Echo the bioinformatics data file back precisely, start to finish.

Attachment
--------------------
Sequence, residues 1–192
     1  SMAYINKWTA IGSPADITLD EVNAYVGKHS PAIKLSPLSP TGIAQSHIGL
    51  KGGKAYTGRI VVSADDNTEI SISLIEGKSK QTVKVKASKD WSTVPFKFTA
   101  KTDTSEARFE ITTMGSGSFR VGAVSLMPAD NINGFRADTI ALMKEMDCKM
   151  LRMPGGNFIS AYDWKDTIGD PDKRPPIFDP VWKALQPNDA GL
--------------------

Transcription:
Sequence, residues 1–192
     1  SMAYINKWTA IGSPADITLD EVNAYVGKHS PAIKLSPLSP TGIAQSHIGL
    51  KGGKAYTGRI VVSADDNTEI SISLIEGKSK QTVKVKASKD WSTVPFKFTA
   101  KTDTSEARFE ITTMGSGSFR VGAVSLMPAD NINGFRADTI ALMKEMDCKM
   151  LRMPGGNFIS AYDWKDTIGD PDKRPPIFDP VWKALQPNDA GL